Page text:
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Workforce Management News: 4-Day Working Week Pilot in UK

Participating organisations to operate a reduced working week to see if such a practice is commercially viable

A new six-month pilot scheme will see researchers measuring the impact on employee productivity and wellbeing of UK employers trialling a four-day week without a corresponding reduction in staff pay.

The scheme is a collaboration between 4 Day Week Global, think tank Autonomy, the 4 Day Week Campaign and researchers at Cambridge University, Boston College and Oxford University. It will run as part of a global initiative, with other pilot schemes taking place in Ireland, the United States, Canada, Australia and New Zealand.


Some employees in the UK might already be working a four-day week. However, this is usually due to flexible working practices such as compressed hours, or reduced hours with a pro-rata reduction in salary. The terms of the new pilot differ in that it aims to measure the output produced rather than the hours worked; staff will be working one day less without an increase in daily working hours, whilst still receiving the same pay.


There are several potential benefits for employers switching to a four-day week. With an extra day off, workers will be far more rested, happier and engaged, increasing their performance. It’s not difficult to see how this could equate to an overall productivity gain. After all, four days at 100% productivity is better than five days at 75%. It’s also likely that this will increase the quality of work produced in addition to quantity.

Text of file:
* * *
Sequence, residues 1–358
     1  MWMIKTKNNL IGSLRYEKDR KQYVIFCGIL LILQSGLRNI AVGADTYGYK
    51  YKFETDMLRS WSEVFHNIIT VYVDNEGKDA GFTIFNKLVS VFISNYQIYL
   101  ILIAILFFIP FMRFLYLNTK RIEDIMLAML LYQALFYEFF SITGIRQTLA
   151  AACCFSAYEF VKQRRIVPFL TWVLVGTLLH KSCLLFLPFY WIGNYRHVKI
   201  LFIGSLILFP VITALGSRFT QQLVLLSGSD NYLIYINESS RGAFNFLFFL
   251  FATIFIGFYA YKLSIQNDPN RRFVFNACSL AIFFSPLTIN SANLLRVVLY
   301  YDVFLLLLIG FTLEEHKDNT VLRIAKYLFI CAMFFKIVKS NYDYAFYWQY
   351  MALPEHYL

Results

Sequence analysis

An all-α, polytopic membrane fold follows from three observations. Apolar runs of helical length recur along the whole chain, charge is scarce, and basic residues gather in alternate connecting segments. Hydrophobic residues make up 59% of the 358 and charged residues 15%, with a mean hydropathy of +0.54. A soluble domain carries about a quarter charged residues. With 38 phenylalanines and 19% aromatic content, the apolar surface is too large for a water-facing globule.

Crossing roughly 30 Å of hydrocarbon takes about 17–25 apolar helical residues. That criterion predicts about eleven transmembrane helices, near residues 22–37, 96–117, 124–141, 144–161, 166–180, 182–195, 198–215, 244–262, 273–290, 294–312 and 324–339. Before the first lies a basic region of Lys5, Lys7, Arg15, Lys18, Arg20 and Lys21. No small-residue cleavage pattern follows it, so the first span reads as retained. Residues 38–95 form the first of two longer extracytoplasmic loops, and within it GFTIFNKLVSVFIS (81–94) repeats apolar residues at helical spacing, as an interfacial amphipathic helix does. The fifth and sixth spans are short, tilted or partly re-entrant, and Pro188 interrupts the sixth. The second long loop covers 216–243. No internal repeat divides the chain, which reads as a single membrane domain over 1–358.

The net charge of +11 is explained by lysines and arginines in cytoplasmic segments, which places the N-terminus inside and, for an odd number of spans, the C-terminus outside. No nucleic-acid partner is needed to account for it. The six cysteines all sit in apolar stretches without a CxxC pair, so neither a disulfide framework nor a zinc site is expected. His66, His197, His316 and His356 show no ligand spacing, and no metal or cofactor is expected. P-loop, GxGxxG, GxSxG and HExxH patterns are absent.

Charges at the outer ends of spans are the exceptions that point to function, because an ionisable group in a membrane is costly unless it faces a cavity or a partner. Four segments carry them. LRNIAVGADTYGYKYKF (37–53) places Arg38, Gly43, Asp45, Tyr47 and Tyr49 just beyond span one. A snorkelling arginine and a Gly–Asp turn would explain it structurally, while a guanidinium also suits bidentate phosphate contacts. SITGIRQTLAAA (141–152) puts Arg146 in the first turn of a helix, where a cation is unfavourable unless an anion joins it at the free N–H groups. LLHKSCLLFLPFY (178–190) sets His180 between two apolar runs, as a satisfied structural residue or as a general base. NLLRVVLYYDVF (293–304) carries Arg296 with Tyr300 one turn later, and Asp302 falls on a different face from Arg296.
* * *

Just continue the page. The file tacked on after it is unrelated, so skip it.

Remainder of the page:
Every year, UK businesses lose billions of pounds due to sickness absence. Stress, overwork and mental health issues are attributed to a large portion of these sick days, with stress being the most common cause of long-term sickness leave. Working four days a week promotes a better work/life balance and also allows more time for stress-reducing activities such as exercise.



Following the coronavirus pandemic, more employees than ever are currently looking to change jobs within the next year, in what is being termed The Great Resignation. With this shift in the job market, companies need to focus more than ever on retention and recruitment if they want to ensure a skilled workforce. Job benefits such as a four-day week are highly desirable, and can make your organisation stand out from others both to existing and prospective employees.


To get the most out of a four-day week, it is important to consider the implications of rolling out such a system across your organisation. Ensuring the right technology is in place is an integral part. For example, customer-facing functions will need to be maintained across the whole week, so you will need the right workforce management tools to plan sufficient coverage. You will also need a method of monitoring working hours to ensure that staff aren’t working longer days in an attempt to hit targets during a reduced week. This is likely to defeat the purpose of a four-day week, increasing stress and decreasing wellbeing and productivity.


Bodet’s Workforce Management Solution enables you to offer a range of flexible working practices such as a four-day week whilst ensuring staff levels and workforce visibility. Our Staff Planning Module means you can create work schedules in advance that align with your own internal rules and meet staff skill requirements. Through our Clocking In Systems and Kelio Time & Attendance Software, you have full real-time visibility of your employees, with the ability to produce reports on historical attendance data.


To find out more about how we can help you offer a four-day week and other flexible working practices, please contact us.


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